Cybersecurity needs to be taken very seriously within a business, especially with clients whose personal information is concealed on in-house systems. Below are a run down of the potential threats that may happen, but also bear in mind, having the right software in place from companies such as Sift can provide that extra protection.
Top 5 Current Cybersecurity Threats Include:
1. Email phishing attacks – an attempt to trick the email recipient into giving out information over email
– appears to come from a trusted source
– usually contains an active link or file that may download malware or access sensitive information
2. Ransomware attacks – a type of malware that uses encrypting to deny access to a user’s system and data until a ransom is paid
3. Loss or theft of equipment or data
– lack of asset inventory and control
– failure to encrypt data
– lack of physical security (an open office & poor physical management)
– lack of simple safeguards (computer cable locks)
– lack of effective vendor security management (data and equipment protection and security measures)
– lack of a process to clear sensitive data before IT assets (discarded medical devices that may be transferred or used by other organizations)
4. Insider accidental or intentional data loss
– sensitive data files accidentally emailed to incorrect or unauthorized addresses
– lack of adequate monitoring, tracking, or auditing of access to patient information on electronic health record systems
– lack of logging and auditing of access to technology assets (email and file storage)
– lack of controls to monitor emailing and uploading of sensitive data outside the network
– lack of access controls and employee training regarding social engineering and phishing attacks
5. Attacks against medical devices relating to patient safety – a hacker may attempt to gain access to the network to take control of medical devices and place the patient at risk
10 Cybersecurity Practices to Minimize Threats Include:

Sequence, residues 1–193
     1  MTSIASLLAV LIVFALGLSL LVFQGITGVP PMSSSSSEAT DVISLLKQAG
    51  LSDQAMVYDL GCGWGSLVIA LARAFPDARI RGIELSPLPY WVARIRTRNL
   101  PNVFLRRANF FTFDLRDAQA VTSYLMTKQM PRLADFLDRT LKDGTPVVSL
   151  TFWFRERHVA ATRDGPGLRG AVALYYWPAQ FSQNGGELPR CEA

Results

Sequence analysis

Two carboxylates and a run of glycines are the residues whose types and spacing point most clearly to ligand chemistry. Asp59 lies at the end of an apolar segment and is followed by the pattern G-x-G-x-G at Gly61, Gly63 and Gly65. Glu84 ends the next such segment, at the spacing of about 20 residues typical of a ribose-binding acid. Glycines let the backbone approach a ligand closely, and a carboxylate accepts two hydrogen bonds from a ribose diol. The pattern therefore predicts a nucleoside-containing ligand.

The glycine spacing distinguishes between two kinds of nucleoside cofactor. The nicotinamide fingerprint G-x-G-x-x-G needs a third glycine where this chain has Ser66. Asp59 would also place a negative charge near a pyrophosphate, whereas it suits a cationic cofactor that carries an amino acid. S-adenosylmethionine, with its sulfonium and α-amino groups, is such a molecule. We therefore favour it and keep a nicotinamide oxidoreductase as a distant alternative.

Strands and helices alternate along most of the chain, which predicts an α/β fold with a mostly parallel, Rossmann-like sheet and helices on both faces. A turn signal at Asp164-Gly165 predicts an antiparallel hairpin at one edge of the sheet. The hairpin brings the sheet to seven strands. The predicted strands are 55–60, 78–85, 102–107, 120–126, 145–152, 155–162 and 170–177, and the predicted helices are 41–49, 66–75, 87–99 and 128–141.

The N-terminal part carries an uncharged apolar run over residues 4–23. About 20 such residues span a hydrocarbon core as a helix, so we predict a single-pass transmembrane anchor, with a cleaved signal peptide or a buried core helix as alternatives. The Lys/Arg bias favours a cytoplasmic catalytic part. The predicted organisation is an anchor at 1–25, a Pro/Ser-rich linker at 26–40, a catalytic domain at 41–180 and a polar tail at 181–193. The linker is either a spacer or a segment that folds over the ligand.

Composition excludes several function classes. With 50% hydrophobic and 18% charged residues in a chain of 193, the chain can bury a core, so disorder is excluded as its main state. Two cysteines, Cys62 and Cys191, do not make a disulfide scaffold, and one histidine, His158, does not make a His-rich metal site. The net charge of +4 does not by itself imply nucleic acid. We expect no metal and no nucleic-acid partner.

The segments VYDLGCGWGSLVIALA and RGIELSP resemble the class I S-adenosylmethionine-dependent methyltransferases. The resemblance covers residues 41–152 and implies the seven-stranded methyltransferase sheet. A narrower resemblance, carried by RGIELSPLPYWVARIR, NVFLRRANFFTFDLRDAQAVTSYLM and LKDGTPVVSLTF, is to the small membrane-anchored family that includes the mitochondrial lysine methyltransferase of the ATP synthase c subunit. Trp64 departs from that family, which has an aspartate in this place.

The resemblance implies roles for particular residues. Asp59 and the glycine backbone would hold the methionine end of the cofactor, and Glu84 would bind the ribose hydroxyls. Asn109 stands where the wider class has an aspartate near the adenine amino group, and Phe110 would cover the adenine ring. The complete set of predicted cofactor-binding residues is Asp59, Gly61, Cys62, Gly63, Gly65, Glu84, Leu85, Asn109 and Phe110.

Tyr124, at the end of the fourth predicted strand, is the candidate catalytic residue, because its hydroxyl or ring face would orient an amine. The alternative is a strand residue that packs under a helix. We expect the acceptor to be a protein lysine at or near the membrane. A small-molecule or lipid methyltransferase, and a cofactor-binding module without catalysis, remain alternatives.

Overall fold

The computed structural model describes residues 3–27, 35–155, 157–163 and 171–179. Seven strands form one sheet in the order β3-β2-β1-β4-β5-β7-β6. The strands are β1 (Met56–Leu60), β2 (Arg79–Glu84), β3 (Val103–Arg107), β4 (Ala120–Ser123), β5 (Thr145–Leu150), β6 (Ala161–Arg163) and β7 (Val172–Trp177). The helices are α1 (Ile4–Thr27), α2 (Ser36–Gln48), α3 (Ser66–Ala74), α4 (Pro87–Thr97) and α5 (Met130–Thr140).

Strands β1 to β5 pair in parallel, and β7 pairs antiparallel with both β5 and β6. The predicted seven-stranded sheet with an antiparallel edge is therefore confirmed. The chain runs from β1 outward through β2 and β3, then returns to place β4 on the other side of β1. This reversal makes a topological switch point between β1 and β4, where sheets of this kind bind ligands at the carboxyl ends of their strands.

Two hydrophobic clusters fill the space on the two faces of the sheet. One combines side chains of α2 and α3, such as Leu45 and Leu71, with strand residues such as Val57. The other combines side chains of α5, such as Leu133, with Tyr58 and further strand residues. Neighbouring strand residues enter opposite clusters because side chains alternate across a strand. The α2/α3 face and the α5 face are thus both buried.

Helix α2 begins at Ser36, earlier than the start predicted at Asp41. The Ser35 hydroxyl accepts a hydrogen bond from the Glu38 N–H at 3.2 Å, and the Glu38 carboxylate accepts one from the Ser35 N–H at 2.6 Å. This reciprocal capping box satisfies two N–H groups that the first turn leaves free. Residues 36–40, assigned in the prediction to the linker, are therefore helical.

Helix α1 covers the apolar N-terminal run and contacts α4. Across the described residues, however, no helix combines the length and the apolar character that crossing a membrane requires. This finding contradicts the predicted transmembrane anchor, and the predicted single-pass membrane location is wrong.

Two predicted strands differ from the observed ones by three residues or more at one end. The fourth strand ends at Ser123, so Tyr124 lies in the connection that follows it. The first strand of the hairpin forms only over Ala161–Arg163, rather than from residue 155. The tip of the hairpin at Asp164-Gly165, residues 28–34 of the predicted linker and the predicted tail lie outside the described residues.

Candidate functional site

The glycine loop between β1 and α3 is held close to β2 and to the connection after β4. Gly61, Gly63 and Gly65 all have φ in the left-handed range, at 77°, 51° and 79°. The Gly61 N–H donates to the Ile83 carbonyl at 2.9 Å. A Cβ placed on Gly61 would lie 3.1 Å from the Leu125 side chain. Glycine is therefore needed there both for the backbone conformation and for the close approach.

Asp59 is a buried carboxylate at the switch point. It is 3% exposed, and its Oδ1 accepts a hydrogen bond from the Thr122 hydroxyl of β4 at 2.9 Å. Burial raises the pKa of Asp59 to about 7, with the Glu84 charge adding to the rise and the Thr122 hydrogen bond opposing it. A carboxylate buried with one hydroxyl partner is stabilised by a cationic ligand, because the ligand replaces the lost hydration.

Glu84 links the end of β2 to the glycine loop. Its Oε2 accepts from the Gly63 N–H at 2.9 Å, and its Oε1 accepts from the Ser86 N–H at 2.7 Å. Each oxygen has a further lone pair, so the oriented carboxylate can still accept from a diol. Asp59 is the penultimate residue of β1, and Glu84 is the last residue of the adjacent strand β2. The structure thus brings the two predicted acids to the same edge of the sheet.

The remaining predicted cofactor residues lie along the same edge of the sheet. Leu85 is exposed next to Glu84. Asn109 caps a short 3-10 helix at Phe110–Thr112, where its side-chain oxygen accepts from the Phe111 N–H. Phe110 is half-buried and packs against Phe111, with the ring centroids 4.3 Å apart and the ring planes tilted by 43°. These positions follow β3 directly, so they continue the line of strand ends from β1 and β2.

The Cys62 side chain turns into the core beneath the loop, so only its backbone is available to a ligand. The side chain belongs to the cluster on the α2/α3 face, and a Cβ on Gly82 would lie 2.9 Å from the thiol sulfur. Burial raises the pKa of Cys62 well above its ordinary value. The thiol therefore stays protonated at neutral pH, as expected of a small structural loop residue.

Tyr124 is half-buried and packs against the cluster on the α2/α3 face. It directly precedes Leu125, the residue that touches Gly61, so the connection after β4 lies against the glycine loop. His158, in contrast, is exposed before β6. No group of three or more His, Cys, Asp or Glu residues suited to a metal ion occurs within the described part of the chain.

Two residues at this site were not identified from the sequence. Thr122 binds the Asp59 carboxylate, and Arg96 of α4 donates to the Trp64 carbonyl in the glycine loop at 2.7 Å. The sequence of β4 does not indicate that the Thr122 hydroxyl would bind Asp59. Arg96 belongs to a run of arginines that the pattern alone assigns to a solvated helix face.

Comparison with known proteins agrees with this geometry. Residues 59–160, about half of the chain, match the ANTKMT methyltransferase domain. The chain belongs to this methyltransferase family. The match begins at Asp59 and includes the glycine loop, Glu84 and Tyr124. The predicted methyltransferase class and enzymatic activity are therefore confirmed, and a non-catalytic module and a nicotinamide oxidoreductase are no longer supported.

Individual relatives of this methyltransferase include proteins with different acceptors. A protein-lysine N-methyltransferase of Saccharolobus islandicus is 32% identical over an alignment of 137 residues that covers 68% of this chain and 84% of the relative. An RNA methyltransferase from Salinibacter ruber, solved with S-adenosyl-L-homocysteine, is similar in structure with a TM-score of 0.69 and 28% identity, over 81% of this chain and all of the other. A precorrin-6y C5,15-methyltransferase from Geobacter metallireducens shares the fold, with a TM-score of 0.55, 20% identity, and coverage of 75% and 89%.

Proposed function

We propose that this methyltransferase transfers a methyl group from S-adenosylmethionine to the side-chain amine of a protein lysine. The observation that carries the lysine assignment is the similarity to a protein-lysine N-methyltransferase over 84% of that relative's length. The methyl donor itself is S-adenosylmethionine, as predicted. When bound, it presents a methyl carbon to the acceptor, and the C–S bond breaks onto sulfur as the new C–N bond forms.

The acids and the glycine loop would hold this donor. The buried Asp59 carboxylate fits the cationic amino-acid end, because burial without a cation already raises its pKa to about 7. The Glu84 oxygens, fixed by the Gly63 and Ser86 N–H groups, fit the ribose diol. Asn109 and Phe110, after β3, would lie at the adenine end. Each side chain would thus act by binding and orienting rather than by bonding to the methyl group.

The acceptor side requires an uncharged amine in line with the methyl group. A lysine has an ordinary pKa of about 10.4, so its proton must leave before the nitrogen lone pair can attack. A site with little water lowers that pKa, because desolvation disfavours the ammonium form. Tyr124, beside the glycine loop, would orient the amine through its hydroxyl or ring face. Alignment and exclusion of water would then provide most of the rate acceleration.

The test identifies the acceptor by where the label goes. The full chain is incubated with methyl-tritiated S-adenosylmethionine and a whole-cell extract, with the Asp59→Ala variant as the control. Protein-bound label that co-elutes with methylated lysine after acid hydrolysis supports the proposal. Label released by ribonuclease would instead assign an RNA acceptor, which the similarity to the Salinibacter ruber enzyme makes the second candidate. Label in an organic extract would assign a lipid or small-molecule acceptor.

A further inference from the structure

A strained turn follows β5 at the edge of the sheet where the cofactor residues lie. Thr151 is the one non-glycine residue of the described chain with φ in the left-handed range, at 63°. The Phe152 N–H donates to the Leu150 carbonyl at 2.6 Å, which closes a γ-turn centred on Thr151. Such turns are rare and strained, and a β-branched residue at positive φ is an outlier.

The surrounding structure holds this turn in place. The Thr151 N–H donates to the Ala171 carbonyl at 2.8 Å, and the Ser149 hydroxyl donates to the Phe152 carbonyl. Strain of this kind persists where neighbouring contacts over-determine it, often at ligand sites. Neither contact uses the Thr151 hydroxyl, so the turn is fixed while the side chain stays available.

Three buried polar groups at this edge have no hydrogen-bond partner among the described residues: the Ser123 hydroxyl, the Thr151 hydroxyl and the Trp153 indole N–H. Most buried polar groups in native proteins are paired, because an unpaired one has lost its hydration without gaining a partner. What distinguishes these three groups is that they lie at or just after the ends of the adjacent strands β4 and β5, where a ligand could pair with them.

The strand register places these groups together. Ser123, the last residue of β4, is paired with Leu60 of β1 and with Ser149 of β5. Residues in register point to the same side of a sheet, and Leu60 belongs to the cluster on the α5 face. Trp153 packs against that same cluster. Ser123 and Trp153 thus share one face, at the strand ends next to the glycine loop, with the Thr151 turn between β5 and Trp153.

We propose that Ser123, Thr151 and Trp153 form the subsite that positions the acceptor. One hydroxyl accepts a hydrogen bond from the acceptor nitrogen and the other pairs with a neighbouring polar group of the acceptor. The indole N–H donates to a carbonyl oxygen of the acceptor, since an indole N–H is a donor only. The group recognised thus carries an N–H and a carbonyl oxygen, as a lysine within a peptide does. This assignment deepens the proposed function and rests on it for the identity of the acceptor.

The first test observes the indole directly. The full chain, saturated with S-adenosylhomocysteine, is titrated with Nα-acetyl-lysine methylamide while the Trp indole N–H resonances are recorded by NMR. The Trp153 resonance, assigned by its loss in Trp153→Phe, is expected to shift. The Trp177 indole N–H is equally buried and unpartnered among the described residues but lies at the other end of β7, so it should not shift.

1. Email protection systems – “free” or “consumer” email systems should be avoided. Also, you might want to take a look at this informative post on how business email compromise could pose serious security threats to your business.
2. Endpoint protection systems – desktops, laptops, mobile devices, and any other devices connected to the network should be protected and secured
3. Identity and access management – identify users and audit access to data, applications, systems, and endpoints
4. Data protection and loss prevention – categorize data as highly sensitive, sensitive, internal use, and public use and
5. Asset management – integrate daily IT operations into processes to protect IT assets (procurement, deployment, maintenance, and decommissioning of devices)
6. Network management – have strong firewalls in place for proper access inside and outside the organization. With that being said, you may want to see how the idea of sd wan security can prove to be beneficial in terms of your network management strategy.
7. Vulnerability management – implement processes to classify, evaluate, prioritize, and remedy vulnerabilities in the system
8. Incident response – implement systems to quickly detect cyberattacks and develop processes to quickly respond and resolve the issue allowing the breach
9. Medical device security – any device directly connected to a patient for diagnosis or treatment should always be tested for safety and quality control
10. Cybersecurity policies – cybersecurity roles and responsibilities should be defined
– employees should be adequately trained to handle common cyberattacks
– acceptable use of data, equipment, software, and programs should be definedposition on personal devices should be outlined
– office policy for mobile devices should be provided
– a process for reporting suspicious activity should be in place
Stuart J. Oberman, Esq.
Stuart J. Oberman is the founder and President of Oberman Law Firm. Mr. Oberman graduated from Urbana University and received his law degree from John Marshall Law School. Mr. Oberman has been practicing law for over 30 years, and before going into private practice, Mr. Oberman was in-house counsel for a Fortune 500 Company.
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